“He seemed pleased and happy to be commissioned to make something else other than his wire bicycle.”

Well Well Well appears March 29 at Blonde, opening for Bedroom, and their next single, "Me," debuts April 23 at Soda Bar.

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For six bucks and a six-pack, a Barcelona street artist whipped up a band logo for Well Well Well out of copper wire.
For six bucks and a six-pack, a Barcelona street artist whipped up a band logo for Well Well Well out of copper wire.

“We plan on releasing two EPs this year, with a couple of songs premiering every month until May,” says guitarist Seton Edgerton, one half of folky synthpop duo Well Well Well. The Poptimism EP was produced by one of their inspirations, L.A. pop group Gardens & Villa, while a second EP, Ships, was co-produced by Johnny Hanson (Avi Buffalo) and local Keith Milgaten, aka Keith Sweaty.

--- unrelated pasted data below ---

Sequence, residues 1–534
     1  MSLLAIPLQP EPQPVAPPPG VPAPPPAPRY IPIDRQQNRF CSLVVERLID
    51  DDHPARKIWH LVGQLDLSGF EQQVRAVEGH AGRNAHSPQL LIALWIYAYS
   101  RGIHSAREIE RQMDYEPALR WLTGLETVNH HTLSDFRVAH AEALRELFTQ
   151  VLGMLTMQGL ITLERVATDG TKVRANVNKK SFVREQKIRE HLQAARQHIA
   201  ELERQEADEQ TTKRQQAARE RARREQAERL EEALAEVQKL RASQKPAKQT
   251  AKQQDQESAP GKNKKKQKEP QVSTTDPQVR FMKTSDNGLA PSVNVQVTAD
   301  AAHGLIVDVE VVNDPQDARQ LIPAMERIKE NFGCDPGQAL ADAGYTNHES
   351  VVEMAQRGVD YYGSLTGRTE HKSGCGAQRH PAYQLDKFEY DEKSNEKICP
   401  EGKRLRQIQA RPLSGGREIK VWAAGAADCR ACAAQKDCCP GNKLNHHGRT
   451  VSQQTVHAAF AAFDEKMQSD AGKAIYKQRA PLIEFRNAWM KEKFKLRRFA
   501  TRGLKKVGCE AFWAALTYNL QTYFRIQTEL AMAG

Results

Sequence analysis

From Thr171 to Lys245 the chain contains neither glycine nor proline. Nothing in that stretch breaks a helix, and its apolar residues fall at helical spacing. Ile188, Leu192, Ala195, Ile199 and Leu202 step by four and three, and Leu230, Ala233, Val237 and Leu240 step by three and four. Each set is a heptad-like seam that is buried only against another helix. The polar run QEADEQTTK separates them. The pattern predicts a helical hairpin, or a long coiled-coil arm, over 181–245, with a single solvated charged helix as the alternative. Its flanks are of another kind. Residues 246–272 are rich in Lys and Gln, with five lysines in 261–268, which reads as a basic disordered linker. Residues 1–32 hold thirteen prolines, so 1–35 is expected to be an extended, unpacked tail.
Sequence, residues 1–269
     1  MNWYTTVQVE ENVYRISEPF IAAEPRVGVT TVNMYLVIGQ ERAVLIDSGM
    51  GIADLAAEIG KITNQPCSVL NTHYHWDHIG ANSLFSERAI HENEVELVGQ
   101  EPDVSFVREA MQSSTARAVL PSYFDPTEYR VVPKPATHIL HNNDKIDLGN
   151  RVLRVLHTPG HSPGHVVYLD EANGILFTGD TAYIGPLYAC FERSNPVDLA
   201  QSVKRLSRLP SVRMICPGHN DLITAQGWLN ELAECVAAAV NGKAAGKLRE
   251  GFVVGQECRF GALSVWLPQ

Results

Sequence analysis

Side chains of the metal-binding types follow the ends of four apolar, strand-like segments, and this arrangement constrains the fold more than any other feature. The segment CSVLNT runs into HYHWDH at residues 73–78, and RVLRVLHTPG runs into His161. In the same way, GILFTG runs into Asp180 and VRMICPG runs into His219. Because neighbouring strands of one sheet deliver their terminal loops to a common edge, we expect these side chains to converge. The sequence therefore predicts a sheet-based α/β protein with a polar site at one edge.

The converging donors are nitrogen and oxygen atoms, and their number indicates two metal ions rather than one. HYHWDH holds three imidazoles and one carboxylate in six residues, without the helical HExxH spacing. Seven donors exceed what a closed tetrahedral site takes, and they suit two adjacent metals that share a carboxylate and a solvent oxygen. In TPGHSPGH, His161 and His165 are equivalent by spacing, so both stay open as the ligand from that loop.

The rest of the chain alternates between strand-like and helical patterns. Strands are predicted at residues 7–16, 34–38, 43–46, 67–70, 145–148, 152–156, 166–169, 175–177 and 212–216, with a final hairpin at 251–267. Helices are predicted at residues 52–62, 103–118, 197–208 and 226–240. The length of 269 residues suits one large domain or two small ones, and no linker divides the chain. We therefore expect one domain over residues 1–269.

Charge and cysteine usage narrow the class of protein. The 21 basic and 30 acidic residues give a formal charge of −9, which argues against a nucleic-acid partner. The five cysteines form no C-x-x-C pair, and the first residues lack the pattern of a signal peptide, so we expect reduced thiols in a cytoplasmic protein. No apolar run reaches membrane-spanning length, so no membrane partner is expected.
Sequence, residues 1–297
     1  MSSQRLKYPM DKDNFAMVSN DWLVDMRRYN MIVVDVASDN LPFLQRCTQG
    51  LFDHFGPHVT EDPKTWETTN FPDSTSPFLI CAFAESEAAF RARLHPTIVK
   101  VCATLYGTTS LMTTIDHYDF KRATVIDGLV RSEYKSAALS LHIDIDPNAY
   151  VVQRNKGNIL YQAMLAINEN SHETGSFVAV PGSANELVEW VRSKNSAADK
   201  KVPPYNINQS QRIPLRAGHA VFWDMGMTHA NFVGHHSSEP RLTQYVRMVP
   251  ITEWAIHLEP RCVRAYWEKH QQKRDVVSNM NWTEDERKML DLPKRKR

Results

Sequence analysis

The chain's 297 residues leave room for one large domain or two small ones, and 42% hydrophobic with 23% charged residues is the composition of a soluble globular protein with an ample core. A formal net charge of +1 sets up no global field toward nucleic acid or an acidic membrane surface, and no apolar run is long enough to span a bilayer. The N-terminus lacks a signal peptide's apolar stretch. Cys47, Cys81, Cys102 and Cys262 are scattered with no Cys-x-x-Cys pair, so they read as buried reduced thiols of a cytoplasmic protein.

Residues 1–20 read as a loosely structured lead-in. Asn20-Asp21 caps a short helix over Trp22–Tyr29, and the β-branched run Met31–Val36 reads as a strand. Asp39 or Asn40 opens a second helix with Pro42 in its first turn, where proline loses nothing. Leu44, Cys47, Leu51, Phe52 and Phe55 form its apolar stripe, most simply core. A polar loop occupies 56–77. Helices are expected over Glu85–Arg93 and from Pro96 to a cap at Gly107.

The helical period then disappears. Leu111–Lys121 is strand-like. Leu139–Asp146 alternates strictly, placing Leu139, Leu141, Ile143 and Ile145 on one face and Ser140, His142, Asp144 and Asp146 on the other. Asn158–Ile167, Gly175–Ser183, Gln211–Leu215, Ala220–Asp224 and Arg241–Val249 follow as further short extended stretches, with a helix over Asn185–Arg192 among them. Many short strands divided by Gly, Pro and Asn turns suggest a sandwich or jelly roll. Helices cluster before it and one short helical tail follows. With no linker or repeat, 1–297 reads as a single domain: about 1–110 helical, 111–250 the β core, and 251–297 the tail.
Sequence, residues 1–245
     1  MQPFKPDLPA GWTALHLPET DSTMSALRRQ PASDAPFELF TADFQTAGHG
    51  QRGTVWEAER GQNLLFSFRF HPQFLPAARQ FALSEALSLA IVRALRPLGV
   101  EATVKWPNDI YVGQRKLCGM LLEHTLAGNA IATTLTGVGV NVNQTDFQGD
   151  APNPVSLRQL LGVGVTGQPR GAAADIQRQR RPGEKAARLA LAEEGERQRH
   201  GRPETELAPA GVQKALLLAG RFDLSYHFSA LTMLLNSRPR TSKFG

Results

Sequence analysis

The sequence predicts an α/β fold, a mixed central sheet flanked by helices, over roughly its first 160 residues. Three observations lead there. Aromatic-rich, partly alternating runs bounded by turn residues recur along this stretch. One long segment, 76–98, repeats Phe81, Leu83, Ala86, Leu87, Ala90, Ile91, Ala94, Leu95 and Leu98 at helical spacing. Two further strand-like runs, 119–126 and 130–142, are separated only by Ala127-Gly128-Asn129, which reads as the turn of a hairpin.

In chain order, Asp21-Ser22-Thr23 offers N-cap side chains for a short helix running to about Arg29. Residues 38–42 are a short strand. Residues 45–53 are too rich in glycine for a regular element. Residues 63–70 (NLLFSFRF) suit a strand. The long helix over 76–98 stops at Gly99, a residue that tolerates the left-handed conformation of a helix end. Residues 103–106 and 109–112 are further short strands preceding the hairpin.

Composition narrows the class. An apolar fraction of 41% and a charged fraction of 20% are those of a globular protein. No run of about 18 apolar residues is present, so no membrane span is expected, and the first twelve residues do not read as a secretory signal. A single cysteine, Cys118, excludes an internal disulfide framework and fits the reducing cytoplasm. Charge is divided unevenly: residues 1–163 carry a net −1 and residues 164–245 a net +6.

“Each EP has a different vibe, and I thought the more futuristic-sounding songs of Poptimism would work great with the Gardens & Villa-style production. The songs from Ships seemed to be right up Johnny Hanson’s alley, with a traditional studio approach… it goes to show that your music can really adapt to certain environments and take on a whole new life, if given the opportunity. I wanted both sessions to be collaborative, and leave plenty of room for experimentation and ideas.”